“A pile of broken glass is just a pile of broken glass, man.”
As a philosophical statement that doesn’t amount to much. But in context, it’s dramatically astute. The context is the reality show Blown Away (two seasons on Netflix), one of the most peculiar and obscure but praised series on Netflix. A Canadian production, it’s an artisanal-glassblowing competition.
You can make almost any activity into a competitive reality show, but glassblowing artistry is not the first thing that comes to mind. And yet it works, largely because of help from the Craft and Design (Glass) program at Ontario’s Sheridan College. Also, the eye-popping “hot shop” set where the glassblowing gets done, is a huge, historic facility in Hamilton.
One of the reasons the series works as entertainment and education is the sheer weirdness of the reality-TV format imposed on what is a highly skilled, highly technical creative process. That might be one of the reasons why the series – the second season arrived in January – has got so much international attention. A reviewer raving about it in The Guardian admitted it was indefinable, and wrote, “I can’t stop watching it. I am only writing this to make you watch it, so I can have someone to talk to about it.” Time magazine said, “The fiery, delicate work of glass artists makes for more captivating television than cooking or fashion design.”
This is all true. Yet it has a kooky quality that is highly amusing. Host Nick Uhas, a former Big Brother contestant and, apparently a YouTube star, seems completely lost. “What is glass, anyway?” he asks one of the judges in the very first episode. Also he asks the contestants, “Are you ready to play with fire?” You roll your eyes because the people he is addressing are serious artists who will talk about “the conceptual bravery” of a piece somebody creates. Standards are high. One contestant’s piece looks like very accomplished work but a judge sniffs, “It looks like something in an airport gift shop.” Ouch. The judges have the air of people who can’t wait to get back to the seminar where they scowl at the naiveté of students.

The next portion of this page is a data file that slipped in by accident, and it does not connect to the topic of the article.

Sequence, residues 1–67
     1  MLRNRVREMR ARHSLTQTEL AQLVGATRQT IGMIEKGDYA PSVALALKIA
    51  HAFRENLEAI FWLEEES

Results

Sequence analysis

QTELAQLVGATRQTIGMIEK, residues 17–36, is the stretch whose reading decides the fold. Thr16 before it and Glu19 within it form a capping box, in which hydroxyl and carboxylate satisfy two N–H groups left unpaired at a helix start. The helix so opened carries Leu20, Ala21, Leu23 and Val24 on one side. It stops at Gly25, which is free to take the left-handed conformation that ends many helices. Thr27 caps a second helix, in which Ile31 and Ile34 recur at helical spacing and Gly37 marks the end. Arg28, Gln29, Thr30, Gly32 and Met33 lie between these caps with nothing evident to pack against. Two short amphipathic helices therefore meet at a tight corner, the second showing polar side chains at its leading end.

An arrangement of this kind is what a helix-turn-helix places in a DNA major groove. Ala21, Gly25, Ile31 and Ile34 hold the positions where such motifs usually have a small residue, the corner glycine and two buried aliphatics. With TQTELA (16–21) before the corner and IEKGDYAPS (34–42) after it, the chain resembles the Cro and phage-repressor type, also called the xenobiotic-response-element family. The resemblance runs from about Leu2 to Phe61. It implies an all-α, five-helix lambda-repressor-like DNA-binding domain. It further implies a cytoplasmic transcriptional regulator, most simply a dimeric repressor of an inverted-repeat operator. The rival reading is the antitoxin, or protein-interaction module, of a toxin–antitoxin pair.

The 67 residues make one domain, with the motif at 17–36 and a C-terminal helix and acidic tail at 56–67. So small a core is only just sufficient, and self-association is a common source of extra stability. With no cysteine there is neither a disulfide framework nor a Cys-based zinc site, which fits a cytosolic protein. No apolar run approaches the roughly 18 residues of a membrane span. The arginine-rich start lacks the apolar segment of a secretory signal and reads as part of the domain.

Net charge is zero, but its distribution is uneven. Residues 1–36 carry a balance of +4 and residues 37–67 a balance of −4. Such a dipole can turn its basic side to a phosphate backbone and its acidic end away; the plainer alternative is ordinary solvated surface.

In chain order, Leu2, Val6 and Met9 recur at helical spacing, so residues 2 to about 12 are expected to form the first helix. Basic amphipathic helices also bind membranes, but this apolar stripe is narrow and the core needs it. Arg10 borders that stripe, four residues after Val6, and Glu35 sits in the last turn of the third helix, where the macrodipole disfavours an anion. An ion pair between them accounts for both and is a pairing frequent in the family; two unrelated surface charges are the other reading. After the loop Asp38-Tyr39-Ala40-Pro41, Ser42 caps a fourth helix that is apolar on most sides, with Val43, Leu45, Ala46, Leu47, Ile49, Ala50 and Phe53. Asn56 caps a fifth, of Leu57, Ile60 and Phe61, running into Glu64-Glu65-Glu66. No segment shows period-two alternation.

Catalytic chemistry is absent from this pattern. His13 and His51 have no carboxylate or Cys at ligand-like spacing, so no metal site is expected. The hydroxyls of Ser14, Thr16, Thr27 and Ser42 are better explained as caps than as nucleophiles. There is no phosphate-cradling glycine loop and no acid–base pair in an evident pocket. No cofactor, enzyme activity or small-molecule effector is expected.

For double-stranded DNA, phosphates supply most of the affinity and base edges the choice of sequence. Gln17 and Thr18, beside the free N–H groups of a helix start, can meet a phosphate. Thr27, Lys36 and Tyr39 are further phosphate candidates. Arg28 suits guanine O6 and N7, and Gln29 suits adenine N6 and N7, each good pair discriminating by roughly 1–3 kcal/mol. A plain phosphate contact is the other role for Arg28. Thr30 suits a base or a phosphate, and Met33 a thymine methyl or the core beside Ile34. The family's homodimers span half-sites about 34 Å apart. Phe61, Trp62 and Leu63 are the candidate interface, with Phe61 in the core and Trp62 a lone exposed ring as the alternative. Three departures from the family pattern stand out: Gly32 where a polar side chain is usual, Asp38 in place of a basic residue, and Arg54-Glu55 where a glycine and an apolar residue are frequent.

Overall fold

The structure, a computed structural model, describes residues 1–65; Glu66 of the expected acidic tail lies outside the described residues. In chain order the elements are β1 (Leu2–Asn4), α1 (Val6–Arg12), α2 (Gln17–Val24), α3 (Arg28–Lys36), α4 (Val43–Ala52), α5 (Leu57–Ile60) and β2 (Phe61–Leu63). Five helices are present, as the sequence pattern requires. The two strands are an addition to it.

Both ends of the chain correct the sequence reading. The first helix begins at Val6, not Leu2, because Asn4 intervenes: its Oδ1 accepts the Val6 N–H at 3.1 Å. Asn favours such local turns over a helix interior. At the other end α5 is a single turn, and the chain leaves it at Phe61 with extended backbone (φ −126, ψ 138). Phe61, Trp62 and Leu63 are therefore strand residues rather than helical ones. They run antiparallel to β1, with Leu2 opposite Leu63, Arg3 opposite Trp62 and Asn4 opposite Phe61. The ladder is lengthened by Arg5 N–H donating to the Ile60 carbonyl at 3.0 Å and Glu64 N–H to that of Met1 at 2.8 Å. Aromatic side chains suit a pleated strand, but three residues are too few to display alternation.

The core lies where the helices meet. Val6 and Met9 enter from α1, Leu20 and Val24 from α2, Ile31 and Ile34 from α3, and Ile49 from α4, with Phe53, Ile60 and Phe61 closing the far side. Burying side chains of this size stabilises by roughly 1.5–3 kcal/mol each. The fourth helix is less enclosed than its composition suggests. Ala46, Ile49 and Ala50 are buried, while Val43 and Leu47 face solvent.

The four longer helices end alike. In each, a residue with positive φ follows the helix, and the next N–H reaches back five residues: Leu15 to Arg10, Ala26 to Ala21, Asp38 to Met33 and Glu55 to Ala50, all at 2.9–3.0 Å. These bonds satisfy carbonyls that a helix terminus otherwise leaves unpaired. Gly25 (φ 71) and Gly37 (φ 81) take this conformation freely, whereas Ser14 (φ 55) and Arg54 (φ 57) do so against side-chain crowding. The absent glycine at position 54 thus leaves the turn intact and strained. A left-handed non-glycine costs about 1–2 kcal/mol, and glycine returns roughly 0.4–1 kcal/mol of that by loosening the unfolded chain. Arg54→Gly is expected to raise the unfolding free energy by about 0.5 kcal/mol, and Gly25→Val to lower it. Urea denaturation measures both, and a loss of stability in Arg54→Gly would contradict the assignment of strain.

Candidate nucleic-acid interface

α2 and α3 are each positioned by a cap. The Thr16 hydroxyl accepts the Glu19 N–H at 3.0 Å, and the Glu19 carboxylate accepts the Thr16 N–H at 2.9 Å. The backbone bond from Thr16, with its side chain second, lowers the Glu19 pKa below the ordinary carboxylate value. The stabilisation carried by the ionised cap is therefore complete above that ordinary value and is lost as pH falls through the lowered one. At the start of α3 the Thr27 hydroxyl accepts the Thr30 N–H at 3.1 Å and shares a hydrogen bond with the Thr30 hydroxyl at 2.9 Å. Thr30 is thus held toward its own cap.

What makes it work, apart from the fact that the episodes are short and there are only five per season, is the challenging, intricate work being done before your eyes. Admittedly it is sometimes reduced to sound-bite-length snippets of action, but you can’t help but be awed by the phenomenal amount of skill and dexterity involved. We’re talking molten glass here, people, not three-ways-to-cook-an-egg.
The second season ends in a faceoff between artists Cat Burns and Elliot Walker. I’m not telling you who wins, but in some ways it’s a classic duel of male-versus-female interpretations of the challenge. The work of both is stunning, and the show is stunningly, wonderfully weird. What’s it all about, really? Well, “The humbleness that comes with glass,” as one unlucky participant says.
Frankie Drake Mysteries (CBC, 9 p.m.) has a notable episode. The dopey but enjoyable series – all wisecracks and fab outfits – enters the underground nightclub world of Toronto in the1920s. The episode, called Life is a Cabaret, is co-written by Sharron Matthews, who plays the adorable morgue attendant Flo Chakowitz, and features her prominently. See, Frankie (Lauren Lee Smith) witnesses a murder while she’s canoodling al fresco with a handsome chap. Turns out the murdered man and possibly the murderer had just left an underground gay club. The club must be visited and investigated and Flo takes the lead, and even performs. (Matthews is a renowned cabaret artist.) It’s all very jolly and won’t hurt your brain in the least. It’s also one of the few episodes not entirely stolen by Rebecca Liddiard.
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